AS TO THE ADMISSIBILITY OF
Application no. 69147/01
by Jozef GRÓF
The European Court of Human Rights (Fourth Section), sitting on 16 November 2004 as a Chamber composed of:
Sir Nicolas Bratza, President,
Mr J. Casadevall,
Mr M. Pellonpää,
Mr R. Maruste,
Mr S. Pavlovschi,
Mr J. Borrego Borrego,
Mr J. Šikuta, judges,
and Mr M. O'Boyle, Section Registrar,
Having regard to the above application lodged on 23 April 2001,
Having deliberated, decides as follows:
The applicant, Mr Jozef Gróf, is a Slovakian national, who was born in 1957 and lives in Trnava.
A. The circumstances of the case
The facts of the case, as submitted by the applicant, may be summarised as follows.
1. Proceedings concerning the right to lease a flat
On 16 September 1997 the applicant claimed that he and his children had the exclusive right to lease a flat in Trnava.
On 25 February 1998 the Trnava District Court dismissed the action.
On 31 March 2000 the Trnava Regional Court quashed the first instance judgment.
Since then the proceedings have been pending at first instance. In these proceedings the applicant has been represented by an advocate practising in Trnava.
2. Proceedings before the Constitutional Court
On 17 October 2002 the applicant complained about the length of the above proceedings to the Constitutional Court.
On 11 December 2002 the Constitutional Court rejected the complaint as falling short of the formal requirements. The decision states that the applicant failed, despite a warning of 11 November 2002, to eliminate formal shortcomings in his submission and to appoint a lawyer representing him before the Constitutional Court.
On 14 January 2003 the applicant again filed a constitutional complaint about the length of the proceedings before the Trnava District Court. In a separate letter dated 14 January 2003 he requested that the Constitutional Court should appoint a lawyer to represent him in the proceedings before it. The applicant explained that his only income was an invalidity pension which sufficed just to cover his most urgent needs.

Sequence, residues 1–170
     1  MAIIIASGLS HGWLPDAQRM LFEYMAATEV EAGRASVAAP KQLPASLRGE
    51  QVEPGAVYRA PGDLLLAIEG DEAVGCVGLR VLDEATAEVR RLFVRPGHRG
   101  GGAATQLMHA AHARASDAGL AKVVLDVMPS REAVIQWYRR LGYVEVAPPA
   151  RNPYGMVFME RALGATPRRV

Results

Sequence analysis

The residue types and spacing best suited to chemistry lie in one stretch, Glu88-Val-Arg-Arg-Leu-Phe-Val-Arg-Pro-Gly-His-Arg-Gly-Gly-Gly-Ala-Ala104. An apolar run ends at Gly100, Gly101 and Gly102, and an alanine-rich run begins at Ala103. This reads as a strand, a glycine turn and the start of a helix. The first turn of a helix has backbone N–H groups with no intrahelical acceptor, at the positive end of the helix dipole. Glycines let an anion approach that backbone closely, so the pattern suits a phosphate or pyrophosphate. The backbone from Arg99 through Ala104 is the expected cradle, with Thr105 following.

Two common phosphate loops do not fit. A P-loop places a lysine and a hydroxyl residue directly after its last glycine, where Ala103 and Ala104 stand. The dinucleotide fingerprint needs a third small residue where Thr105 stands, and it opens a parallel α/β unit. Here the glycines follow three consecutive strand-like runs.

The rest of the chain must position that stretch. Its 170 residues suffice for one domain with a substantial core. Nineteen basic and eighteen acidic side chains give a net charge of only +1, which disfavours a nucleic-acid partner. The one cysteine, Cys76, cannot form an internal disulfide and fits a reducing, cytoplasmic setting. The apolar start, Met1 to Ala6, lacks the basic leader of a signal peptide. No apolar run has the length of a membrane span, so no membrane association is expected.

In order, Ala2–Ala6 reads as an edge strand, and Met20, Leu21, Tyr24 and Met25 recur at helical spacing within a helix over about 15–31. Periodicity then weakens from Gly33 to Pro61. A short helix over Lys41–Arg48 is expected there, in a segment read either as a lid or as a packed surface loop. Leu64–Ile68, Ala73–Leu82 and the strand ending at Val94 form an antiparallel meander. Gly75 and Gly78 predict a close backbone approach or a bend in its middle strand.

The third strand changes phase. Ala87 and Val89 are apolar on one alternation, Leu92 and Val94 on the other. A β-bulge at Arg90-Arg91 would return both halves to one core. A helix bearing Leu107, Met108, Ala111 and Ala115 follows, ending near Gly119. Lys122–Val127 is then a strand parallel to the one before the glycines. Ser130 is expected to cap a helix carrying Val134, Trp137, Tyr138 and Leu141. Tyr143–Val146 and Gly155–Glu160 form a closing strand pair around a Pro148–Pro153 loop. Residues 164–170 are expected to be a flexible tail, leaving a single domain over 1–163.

In a letter of 19 March 2004 a constitutional judge informed the applicant that his new submission was not in conformity with the statutory requirements. The judge noted that the applicant's information about his income was not certified by the competent authority. Furthermore, in the proceedings before the District Court the applicant was represented by an advocate. The constitutional judge's letter stated that that advocate could also represent the applicant before the Constitutional Court and that the applicant would have the lawyer's fees reimbursed in the event that he succeeded in his constitutional complaint. The letter concluded that the applicant's submission would not be dealt with.
B. Relevant domestic law and practice
Article 12(1) and (2) of the Constitution guarantees to everyone the equality of rights.
Article 48(2) of the Constitution provides, inter alia, that every person has the right to have his or her case tried without unjustified delay.
Article 127 of the Constitution, in effect from 1 January 2002, entitles individuals and legal persons to complain about a violation of their fundamental rights and freedoms. Under this provision the Constitutional Court has the power, in the event that it finds a violation of a person's fundamental rights, to quash the relevant decision or, where appropriate, to order the authority concerned to proceed with the case without delay. It may also grant adequate financial satisfaction to the person whose constitutional rights have been violated.
Under Section 20(2) of the Constitutional Court Act, plaintiffs in proceedings before the Constitutional Court have to be represented by an advocate.